Hurricane Dorian Rescue: Surfers Help Save Woman Who Jumped From Jacksonville Pier

A woman reportedly jumped off a Florida pier into the Atlantic Ocean on Tuesday afternoon as outer winds from Hurricane Dorian pelted the coast and sent waves crashing ashore. Nearby surfers in Jacksonville Beach enjoying the heavy waves saw the woman struggle in a tough undertow, and then helped rescue her.

The Jacksonville Times-Union reported that a woman sauntered down the Jacksonville Beach Pier and shimmied her way past a locked gate. There, sat at the end of the pier for several hours. A heavy crowd was not unusual Tuesday at the beach as many wanted to see Dorian's wrath up close, but just far enough away as the eyewall still rumbled a hundred miles to the east.

According to the report, the incident began when one surfer, Tyler Sebring, noticed the woman sitting on a guard railing at the pier, with her legs dangling over the side.

Sebring called out to the woman, "Are you ok?" The report says the woman was crying. The woman seemed to get closer and closer to the edge each time Sebring called out, in which he kept telling her things would be ok.

Sebring got fellow surfer Ty Miller's attention to come watch the woman so he could call Ocean Rescue. As the rescue vehicles came racing to the scene from all directions, the woman jumped into the choppy, white-capped sea, at which point she went limp in the water.

Miller helped maneuver the woman onto his surfboard, and Jacksonville Beach lifeguards Tommy Cassaro and Alexander Seward helped bring the woman out of the rough waters generated by a deadly hurricane.

The lifeguards carried the woman to a nearby pickup truck, placed her in the bed and began checking her oxygen levels and vital signs.

Ocean Rescue congratulated the surfers for becoming instant first responders.

"It was all of us," Miller told the Times-Union.

Hurricane Dorian Rescue By Surfers
A surfer navigates waves and currents as the threat of Hurricane Dorian looms on September 1, 2019 in Ormond Beach, Florida. Dorian, once expected to make landfall near Indialantic in Florida as a category 4 storm, is currently predicted to turn north and stay off the Florida coast lessening the impact on the area. Photo by Mark Wilson/Getty Images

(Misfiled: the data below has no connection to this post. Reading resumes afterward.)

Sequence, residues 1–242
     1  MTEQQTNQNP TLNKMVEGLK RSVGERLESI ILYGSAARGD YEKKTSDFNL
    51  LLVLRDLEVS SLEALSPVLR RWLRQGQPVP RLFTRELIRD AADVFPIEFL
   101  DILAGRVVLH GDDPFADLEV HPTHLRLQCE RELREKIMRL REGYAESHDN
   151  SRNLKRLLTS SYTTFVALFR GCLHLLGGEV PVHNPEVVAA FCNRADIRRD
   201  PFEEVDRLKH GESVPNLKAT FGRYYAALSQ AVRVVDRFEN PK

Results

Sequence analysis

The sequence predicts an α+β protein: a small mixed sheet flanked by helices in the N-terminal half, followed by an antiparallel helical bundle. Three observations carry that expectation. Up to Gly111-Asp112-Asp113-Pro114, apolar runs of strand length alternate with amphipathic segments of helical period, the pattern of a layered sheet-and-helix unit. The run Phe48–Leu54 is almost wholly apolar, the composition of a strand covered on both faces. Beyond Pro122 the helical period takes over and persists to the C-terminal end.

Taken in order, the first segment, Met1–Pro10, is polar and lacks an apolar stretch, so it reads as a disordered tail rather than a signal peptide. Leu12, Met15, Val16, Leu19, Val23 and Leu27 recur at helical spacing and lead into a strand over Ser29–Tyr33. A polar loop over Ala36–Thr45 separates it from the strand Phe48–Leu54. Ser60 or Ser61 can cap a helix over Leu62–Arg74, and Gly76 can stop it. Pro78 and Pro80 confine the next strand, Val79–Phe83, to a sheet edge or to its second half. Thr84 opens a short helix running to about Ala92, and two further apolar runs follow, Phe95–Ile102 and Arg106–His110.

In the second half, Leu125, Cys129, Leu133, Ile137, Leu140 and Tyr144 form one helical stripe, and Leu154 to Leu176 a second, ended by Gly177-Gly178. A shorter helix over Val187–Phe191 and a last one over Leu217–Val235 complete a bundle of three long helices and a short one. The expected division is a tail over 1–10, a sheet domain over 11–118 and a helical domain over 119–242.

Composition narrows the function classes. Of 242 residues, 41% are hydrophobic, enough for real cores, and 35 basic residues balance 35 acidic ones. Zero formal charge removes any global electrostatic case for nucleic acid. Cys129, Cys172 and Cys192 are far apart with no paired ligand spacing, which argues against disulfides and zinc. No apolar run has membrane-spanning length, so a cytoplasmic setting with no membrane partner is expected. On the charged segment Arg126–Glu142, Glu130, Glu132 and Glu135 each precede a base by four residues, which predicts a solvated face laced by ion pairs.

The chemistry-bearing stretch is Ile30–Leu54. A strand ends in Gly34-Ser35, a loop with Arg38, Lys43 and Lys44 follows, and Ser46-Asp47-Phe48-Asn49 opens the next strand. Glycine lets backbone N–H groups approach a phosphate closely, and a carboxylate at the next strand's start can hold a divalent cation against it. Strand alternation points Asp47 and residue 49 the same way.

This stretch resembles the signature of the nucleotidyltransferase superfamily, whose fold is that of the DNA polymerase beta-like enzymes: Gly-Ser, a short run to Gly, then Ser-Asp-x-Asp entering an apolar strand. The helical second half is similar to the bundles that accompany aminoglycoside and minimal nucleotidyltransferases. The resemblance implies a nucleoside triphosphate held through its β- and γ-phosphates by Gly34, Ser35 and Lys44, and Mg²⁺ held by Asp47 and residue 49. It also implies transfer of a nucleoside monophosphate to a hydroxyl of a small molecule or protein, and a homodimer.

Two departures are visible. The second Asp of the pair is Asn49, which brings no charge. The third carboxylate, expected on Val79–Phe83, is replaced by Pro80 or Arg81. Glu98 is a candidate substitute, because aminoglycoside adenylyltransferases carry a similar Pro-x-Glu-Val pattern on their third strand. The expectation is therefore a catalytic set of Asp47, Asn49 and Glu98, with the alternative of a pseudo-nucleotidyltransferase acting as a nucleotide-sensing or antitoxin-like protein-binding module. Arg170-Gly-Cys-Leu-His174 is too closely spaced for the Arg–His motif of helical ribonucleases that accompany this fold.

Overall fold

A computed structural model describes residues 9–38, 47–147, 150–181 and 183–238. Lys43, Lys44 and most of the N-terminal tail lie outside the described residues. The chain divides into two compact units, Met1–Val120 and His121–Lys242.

Ocean Rescue carried the woman away for further observation, and another rescue vehicle appeared to warn beachgoers that the beach was actually closed. The rescue group said about 50 surfers had been surfing in the waves Tuesday, but this was the only rescue they had made.

Despite the warnings by Ocean Rescue and their urgency for beachgoers to stay out of the water, another 50 or so people made their way back into the Atlantic shortly thereafter. Though many got out of the water after heeding the lifeguard advisory from a megaphone, the lifeguards had to go tell three people still in the water to get out.

Ocean Rescue Lt. Eli Phillips said lifeguards ended their Monday evening shifts by going up and down the beach to warn people to stay out of the waves, which could become extremely dangerous. Phillips said lifeguards will most likely do the same thing Tuesday evening.

"It puts other people at risk," Phillips said about people continually getting in the rough waters. "If we do call you and warn you, please listen."

Hurricane Dorian became a catastrophic Category 5 storm before obliterating parts of the Bahamas beginning Sunday. Some towns on the islands were completely destroyed as wind speeds topped 200 mph in some places, and the storm surge topped 20 feet in places.

The storm meandered slowly over the Bahamas until Tuesday, when it began moving west and north toward the Florida coast.

The projected path for Dorian as of Tuesday evening was the same as previous forecasts — a slow moving trek along the eastern U.S. coast with winds slowly dropping. Although the eye of the storm is not projected to make landfall on the U.S. mainland, the outer winds of Dorian are expected to smack the coast at 100 mph — hurricane strength — in places.